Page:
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STEVE ASHLEY - Time and Tide

STEVE ASHLEY - Time and Tide
Topic TSCD569

Over the course of any durable creative arc, there often comes a time when the map of an artist’s musical terrain can begin to seem familiar, a sense of ‘I’m sure we’ve come this way before.’  A once-compelling garden-freshness is replaced with a mustiness that leaves one hankering for a more challenging vision to storm the flight deck and set the controls for the heart of the big picture. Not so when it comes to Steve Ashley however, and the songs and delivery here, whilst bearing his hallmarks of deftness and élan, crackle with ingenuity and are brave enough to explore themes and moods that self-obsessed writers would not countenance.  Such invention, when reflecting on Ashley’s debut, Stroll On being released as far back as 1974 is pretty hard to sustain when that initial album chimed with threads and motifs, which still inform his work.  The natural world, the seasons, the ordinary lives (his 2001 album title) and minutiae of the characters that populate this earth, this realm, have always informed his writing.  He’s never felt the need to remodel himself and he sounds like no one else.

To ascribe the term, um, ‘protest songs’ to much of this material would be naive – Steve makes his points in an astute manner, whilst never keeping his eye off the target. As Richard Thompson has said, “subtle works better than slogans.”  The Demo Tapes albums made in the Greenham and Molesworth days had set out unequivocally his feelings on nuclear issues and here ‘Ships Of Shame’ echoes down these Trident days.  “Our scanners and our schools they take, our welfare and our pensions. Our international rules they break, our treaties and conventions.”  Elsewhere the mere titles ‘Lands End’ and ’Birds Of The Country’ may seem to infer a pastoralism that adheres to an earlier time but these are elegies not eulogies – all is not well in Ashley’s world and it makes for uneasy listening. He’s no polemicist – we all, (apart from G. Dubya who gets a mention in the first track!) know about rising sea levels, carbon emissions, and human rights agendas but we need caring and deep songcraft such as this to make its point on a far more personal level than a G8 summit.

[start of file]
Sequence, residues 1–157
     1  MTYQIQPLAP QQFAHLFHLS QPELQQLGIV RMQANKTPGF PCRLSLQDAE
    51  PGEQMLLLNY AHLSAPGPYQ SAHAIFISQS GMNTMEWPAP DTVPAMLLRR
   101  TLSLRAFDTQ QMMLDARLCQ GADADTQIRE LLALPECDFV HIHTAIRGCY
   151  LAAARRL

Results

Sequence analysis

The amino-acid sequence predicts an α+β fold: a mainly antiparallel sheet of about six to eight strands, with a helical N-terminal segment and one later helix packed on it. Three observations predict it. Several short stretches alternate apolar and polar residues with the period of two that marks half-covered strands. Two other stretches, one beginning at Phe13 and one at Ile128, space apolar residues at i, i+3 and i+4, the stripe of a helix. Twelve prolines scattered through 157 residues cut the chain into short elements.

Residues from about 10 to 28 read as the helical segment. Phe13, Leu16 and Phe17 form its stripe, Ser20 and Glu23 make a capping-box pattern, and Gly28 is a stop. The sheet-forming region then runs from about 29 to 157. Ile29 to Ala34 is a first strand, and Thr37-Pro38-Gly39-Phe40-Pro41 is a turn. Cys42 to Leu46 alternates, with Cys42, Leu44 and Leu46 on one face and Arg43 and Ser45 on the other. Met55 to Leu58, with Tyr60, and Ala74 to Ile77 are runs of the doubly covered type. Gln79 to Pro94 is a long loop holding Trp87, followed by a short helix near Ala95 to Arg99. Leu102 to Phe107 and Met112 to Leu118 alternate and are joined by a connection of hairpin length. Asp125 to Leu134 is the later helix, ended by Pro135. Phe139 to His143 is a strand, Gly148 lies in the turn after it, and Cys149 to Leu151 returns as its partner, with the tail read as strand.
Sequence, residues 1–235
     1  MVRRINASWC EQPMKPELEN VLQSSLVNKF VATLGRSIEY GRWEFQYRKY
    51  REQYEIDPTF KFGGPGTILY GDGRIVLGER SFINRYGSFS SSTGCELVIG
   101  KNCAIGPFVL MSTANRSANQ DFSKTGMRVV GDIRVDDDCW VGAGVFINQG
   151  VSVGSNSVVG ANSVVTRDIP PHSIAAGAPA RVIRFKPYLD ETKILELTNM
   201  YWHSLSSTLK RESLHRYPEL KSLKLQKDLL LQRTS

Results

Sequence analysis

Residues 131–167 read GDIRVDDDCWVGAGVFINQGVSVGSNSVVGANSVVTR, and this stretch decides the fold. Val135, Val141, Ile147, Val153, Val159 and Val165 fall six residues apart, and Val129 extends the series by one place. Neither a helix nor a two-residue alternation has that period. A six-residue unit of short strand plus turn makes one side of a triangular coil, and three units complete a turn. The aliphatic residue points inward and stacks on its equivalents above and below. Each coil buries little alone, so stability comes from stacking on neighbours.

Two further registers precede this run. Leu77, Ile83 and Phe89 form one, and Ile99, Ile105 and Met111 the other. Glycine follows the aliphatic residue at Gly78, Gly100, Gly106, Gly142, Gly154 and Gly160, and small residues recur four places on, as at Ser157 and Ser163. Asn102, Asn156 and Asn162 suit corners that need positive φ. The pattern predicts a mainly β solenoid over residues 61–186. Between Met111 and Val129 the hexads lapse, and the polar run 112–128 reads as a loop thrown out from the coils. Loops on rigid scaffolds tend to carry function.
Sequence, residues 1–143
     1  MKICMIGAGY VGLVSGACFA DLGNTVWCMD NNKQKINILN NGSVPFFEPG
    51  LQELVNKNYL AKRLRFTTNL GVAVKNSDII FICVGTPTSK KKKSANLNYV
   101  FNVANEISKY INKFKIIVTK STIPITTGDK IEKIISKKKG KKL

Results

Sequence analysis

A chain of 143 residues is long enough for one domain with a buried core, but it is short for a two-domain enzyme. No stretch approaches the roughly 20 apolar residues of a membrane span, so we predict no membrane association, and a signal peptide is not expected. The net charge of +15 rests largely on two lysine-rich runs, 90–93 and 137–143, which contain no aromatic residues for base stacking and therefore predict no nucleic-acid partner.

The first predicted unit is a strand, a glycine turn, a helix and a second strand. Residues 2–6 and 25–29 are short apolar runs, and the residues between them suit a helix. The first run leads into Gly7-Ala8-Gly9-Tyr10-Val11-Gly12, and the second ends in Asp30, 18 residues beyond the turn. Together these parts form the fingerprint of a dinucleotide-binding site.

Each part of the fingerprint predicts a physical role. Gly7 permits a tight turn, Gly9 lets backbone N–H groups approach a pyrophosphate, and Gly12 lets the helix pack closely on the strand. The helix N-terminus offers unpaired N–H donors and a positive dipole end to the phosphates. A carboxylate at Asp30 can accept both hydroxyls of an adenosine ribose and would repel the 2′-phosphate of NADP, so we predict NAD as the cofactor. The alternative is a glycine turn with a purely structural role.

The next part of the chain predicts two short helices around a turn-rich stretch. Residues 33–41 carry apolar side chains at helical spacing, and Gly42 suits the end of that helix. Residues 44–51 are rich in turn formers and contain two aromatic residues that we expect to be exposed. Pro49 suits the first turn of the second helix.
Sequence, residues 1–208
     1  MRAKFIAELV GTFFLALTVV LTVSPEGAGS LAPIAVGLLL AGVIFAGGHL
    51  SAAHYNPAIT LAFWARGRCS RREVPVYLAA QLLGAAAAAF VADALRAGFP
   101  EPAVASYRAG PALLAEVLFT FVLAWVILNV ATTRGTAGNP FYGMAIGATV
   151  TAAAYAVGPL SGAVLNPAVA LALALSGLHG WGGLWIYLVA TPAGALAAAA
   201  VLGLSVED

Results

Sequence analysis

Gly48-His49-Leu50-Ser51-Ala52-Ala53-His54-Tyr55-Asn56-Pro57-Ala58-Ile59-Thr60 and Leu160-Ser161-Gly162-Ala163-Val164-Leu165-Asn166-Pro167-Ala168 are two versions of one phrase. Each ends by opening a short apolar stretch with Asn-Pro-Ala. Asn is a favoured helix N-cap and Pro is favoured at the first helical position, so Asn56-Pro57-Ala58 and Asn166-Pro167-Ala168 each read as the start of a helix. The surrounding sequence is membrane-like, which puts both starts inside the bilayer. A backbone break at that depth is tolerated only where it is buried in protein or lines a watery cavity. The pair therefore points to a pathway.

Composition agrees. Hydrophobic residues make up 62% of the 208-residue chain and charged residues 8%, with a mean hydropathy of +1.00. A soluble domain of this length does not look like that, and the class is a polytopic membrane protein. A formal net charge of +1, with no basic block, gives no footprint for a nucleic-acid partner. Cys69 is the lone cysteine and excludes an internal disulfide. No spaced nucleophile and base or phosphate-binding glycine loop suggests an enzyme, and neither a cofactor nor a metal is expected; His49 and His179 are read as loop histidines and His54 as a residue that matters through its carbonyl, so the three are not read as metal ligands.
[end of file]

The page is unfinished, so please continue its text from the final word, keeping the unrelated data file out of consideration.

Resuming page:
Temper these global concerns with pub carpets, Dylan-like Forever Young affection and the wit to rhyme Boadicea with ‘see her’ and you have warm, distinctive and above all, honest music that calls for repeat-play.

Clive Pownceby

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This album was reviewed in Issue 75 of The Living Tradition magazine.